How to Feel About Gaming After GamerGate

How to Feel About Gaming After GamerGate

This week is a weird anniversary for me. It was a year ago that I found myself specifically targeted by GamerGate. I’d been through several minor waves of harassment by them before because of critical coverage of the movement since it started, but being a straight white guy and a pretty minor figure all around it wasn’t that bad. But then, Breitbart tech editor and alt-right media darling Milo Yiannopoulos decided to try and destroy the life of one of their most effective documenters of harassment, I got mixed up in it, and the next thing I know I have to bring Harris County Sheriff’s Office out to my house to try and prevent a possible SWATing. If you need the details, they’re here.

 gamer-1603101812063539.jpg (1240×800)

I’m not really here to talk about GamerGate, though. As a cultural phenomenon it’s largely over, though the mainstreaming of harassment, doxing and other online terrorism that is its legacy is ongoing for the forseeable future. I want to talk about gaming as I knew it before GamerGate, and gaming as I know it now.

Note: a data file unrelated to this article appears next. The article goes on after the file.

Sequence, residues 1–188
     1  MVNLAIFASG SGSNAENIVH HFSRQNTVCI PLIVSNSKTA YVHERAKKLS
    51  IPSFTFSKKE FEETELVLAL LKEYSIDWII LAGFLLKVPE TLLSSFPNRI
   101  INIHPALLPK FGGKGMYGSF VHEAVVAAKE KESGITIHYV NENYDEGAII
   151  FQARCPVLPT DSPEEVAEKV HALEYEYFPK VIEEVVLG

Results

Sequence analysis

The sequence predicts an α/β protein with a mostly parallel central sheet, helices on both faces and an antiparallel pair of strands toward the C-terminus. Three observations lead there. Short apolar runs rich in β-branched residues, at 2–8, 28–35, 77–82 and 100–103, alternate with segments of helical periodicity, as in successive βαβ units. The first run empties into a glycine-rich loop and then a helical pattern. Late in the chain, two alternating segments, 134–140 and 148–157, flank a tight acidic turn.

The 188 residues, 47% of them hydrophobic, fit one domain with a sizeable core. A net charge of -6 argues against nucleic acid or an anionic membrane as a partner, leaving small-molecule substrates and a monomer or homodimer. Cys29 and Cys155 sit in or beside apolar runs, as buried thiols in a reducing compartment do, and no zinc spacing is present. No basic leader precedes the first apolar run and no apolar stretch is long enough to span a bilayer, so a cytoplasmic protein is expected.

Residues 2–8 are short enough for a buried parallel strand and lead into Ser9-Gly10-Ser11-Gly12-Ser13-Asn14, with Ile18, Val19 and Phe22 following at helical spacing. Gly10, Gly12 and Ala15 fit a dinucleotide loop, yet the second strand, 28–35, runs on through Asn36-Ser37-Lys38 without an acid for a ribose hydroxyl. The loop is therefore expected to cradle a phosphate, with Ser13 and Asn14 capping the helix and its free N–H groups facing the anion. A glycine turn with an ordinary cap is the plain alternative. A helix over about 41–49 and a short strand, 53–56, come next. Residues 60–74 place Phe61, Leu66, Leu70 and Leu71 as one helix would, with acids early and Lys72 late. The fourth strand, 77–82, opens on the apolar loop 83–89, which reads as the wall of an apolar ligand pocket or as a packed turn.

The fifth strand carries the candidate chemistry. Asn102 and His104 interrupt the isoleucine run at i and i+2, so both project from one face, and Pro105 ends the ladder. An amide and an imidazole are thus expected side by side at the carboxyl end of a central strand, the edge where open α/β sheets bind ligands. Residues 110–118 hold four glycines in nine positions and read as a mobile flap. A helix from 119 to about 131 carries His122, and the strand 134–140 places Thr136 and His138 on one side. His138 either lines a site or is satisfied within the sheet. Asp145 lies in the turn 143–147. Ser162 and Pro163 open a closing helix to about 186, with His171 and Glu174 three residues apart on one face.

Before 2012 my viewpoint on games was uncomplicated. I was a media critic, but fairly unversed in looking at the world through any other lens beyond the one I was born with. My thoughts on bad behavior in the game space amounted to “don’t play shooters on multiplayer because teenage boys will call you names.” Basically, I gamed like I lived inside Twisted Destiny’s, “Let’s Play.”


Related Articles

Big discounts on the Green Man Gaming Summer Sale, Doom markdowns, and extra sport offers

Steam, Microsoft, GameStop and the PlayStation Store already had their massive summer season income and now it’s Green Man Gaming’s

This week’s highs and lows in PC gaming

This week I interviewed ex-NFL linebacker-became-Hollywood actor-grew to become-PC gaming fanatic Terry Crews. Despite this being quite thrilling in and

Are we geared up for a telephone for hardcore game enthusiasts?

The gaming phone has had turbulent records. Be it with the Nokia N-Gage, the Acer Predator 6, or the Sony